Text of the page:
Guidebook for the Via Francigena?

#21
Thank you. I realized that after I posted...doh ! I am not having much luck finding the Terre di Mezzo guidebook on Amazon. I can only find it on the website and it’s 17 euros for the book and 40 euros to mail it! I’m thinking I will be travelling sans book!
Such a high postage isn't worth it (imo) especially as there were mistakes in the phone numbers of some ostellos....
Good information about accommodation is available from the website and I really recommend the Sloways App. which is free to download... (But then I do have a tendancy to get lost... :D)
 
#22
#23
Such a high postage isn't worth it (imo) especially as there were mistakes in the phone numbers of some ostellos....
Good information about accommodation is available from the website and I really recommend the Sloways App. which is free to download... (But then I do have a tendancy to get lost... :D)
Thanks Domigee...I’m definitely not spending that kind of money! I have a sense of adventure so I guess I will go without. I will check out that app. Thanks very much.
 

Piero Frustascarpe

Moderator
Staff member
#24
So now I'm confused...
Now all that said, which is the more common route, the Via Francigena or the Way of St Francis?
What are the annual pilgrim counts on each route? I gather that they are both relatively uncrowded, like the beginning stages of the Camino (versus the last 200km leading into Sarria and then to Santiago). But I'm curious if there are any annual pilgrim counts for either route?
To confuse you more, I'm happy to say that the editor Terre di Mezzo counted not less than 8000 Km of traditional Caminos in Italy. And the number of the forgotten and (re)discovered and documented ones is growing... :D
Definitely the Via Francigena is the most popular and attended. In 2016 about 40000 pilgrims walked on it at least one week (see details here), not to count daily or week-end walks, and local statistics show the number increased of at least 20% in 2017.
About Cammino di Assisi (or San Francesco) the only information I found says that in 2015 about 10000 pilgrims came to Assisi by walking or bike (link to source).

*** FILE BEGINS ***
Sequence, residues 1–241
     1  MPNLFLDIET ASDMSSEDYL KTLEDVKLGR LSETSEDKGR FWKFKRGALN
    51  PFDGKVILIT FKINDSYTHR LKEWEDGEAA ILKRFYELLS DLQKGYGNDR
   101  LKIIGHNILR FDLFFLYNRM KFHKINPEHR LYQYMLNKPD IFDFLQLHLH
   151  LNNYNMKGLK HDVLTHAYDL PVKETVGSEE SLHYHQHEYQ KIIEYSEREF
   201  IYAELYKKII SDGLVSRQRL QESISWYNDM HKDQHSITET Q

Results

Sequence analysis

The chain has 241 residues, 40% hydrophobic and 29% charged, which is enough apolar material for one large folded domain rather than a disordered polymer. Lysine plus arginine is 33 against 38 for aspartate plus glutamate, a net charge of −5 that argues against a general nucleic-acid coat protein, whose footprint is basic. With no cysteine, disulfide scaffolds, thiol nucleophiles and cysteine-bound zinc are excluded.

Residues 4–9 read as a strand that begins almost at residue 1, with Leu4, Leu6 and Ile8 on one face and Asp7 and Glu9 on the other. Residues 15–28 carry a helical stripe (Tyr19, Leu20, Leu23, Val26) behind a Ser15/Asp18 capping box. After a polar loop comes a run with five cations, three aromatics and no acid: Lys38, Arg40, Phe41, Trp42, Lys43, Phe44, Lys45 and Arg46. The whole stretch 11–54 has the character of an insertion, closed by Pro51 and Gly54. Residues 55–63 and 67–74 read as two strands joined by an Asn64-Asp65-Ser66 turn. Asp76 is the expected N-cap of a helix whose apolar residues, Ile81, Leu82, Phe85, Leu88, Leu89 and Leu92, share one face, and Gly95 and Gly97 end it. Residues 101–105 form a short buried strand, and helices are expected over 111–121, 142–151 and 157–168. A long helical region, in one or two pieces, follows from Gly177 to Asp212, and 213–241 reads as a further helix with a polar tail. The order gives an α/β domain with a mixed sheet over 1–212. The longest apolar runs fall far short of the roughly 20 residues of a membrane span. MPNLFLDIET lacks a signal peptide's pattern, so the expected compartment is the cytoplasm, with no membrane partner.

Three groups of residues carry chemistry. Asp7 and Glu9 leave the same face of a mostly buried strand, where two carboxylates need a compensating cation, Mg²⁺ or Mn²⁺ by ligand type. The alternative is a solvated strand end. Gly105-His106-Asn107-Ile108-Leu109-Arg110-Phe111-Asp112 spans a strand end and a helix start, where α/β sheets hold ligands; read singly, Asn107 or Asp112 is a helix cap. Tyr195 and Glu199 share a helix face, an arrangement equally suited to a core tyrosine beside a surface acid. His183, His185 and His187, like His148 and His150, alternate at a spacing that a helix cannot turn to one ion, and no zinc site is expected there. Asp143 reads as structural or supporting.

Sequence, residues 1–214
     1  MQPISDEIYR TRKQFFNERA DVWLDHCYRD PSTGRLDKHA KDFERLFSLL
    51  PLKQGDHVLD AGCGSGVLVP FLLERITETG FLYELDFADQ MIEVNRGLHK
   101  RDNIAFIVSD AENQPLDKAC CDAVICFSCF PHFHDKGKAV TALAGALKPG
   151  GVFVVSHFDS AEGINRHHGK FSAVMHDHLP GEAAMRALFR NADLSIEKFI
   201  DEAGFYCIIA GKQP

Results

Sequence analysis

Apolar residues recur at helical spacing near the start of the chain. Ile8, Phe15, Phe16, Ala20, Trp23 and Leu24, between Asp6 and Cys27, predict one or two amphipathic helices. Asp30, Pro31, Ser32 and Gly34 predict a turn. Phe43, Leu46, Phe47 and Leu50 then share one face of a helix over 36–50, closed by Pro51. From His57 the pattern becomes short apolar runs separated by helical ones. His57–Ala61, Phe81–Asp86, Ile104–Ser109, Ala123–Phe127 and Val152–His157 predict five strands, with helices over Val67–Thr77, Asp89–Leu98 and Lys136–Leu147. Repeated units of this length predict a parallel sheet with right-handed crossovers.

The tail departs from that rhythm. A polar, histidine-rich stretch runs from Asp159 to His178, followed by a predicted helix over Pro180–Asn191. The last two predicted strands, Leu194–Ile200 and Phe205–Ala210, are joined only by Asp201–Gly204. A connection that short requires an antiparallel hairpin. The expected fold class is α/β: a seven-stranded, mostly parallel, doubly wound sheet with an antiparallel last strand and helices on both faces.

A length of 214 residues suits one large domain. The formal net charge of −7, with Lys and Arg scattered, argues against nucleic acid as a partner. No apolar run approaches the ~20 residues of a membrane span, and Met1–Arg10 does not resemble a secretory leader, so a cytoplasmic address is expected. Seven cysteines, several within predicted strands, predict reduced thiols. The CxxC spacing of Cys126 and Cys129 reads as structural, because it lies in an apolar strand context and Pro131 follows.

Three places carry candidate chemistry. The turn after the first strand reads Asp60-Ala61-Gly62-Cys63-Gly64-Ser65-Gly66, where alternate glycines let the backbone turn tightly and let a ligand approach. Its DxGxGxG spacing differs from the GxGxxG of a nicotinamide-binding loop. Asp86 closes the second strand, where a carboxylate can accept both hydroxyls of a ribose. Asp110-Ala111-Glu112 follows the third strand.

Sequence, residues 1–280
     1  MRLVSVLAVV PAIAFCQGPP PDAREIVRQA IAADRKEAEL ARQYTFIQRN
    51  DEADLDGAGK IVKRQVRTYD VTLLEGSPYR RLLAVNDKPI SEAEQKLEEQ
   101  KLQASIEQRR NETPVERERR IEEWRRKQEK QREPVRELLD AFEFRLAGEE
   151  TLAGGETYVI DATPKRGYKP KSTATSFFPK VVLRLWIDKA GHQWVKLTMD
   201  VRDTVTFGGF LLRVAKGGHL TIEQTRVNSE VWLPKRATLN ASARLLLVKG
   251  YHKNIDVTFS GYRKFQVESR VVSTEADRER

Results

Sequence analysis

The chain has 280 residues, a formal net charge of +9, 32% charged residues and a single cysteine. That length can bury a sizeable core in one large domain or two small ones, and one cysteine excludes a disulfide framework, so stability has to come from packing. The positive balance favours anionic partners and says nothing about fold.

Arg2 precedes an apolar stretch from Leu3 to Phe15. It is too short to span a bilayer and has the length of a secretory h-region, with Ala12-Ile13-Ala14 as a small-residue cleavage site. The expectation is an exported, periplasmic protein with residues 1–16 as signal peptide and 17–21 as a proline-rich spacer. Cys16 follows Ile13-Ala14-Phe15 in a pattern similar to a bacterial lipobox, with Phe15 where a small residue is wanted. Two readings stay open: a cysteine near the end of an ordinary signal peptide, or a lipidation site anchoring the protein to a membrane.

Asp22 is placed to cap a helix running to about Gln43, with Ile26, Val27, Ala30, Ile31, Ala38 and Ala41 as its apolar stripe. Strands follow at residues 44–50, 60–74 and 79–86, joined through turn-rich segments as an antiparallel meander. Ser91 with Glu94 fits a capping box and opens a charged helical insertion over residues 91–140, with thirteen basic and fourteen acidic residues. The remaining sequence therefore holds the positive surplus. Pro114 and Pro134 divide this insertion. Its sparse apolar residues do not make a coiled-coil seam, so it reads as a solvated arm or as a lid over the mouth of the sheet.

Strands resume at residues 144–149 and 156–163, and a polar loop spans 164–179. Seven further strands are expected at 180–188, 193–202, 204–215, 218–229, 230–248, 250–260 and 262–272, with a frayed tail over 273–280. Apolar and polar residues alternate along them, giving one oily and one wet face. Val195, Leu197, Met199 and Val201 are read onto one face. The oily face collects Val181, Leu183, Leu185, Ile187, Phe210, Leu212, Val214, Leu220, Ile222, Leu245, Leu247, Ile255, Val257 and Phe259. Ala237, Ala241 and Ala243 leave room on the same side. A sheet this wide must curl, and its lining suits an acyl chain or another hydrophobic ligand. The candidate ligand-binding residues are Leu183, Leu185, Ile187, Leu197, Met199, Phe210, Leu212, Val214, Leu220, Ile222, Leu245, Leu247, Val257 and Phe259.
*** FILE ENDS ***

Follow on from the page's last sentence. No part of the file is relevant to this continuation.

Coming to paper guide, the absolutely most popular and recent - and official - guide that we use in Italy the one published by Terre di Mezzo.
I found that the edition in English is available also in Amazon.co.uk but not in Amazon.com.

@Ted Daly : a solution to the issue of finding too much expensive the post delivery of the guide to you country is to order and send the guide to the address of the first hotel you will sleep in, once in Italy ;)
It's a trick that I use when I buy US stuff from my country.
 

Piero Frustascarpe

Moderator
Staff member
#25
Thanks Domigee...I’m definitely not spending that kind of money! I have a sense of adventure so I guess I will go without. I will check out that app. Thanks very much.
A very recent official app (just released last month!) is "Via Francigena".
It's much much more complete, precise and detailed than the old one of Sloways. It contains maps and tracking function and it can even work off-line.
 
#29
I am currently 5 days into the VF from Aosta to Rome and wanted to agree with @Bradypus comments about the 'official' guidebook from Terre de Mezzo (Roberta Ferraris). I bought an English copy from a store in Milan because I was nervous to rely on apps and downloadable PDFs, but wish I'd saved my money! I'm not getting much for my 20 euros.

As has been pointed out earlier, the directions are of the "after 450m turn left onto a hidden track" variety, and it's much easier just to follow the signs or pull up the GPS on the occasion the signage is bad (town centres!) The printed maps are small scale and pretty useless out on the trail, and the info regarding hostels and B&Bs is riddled with errors

The only thing I was finding useful was the Things To See section, until I realised that much of these paragraphs are taken up with "there was an old church/monastery for pilgrims, but it was destroyed in the 17th century" - so not anything left to see, after all! Add to that the fact that most churches are closed and we're all here mainly for the walking, and this section becomes pointless anyway.

Besides this, I'm having a great time, the mountain stages were incredible and breathtaking, and I'm relying on fate and the kindness of strangers to cover for the fact that I have zero Italian!

Rather than a guidebook, I think a basic intro to listening to Italian would be far more useful. It's easy enough to read out questions and phrases, but the moment someone starts to give you instructions, you're lost! For instance, on booking a bed at an Ostello, the monk gave me instructions on who to call when I arrived. Luckily there was someone nearby to take the phone for me because I had no idea.

Anyway, good luck, and at the end of the day, all you need to do is turn up and follow the arrows ;)
 
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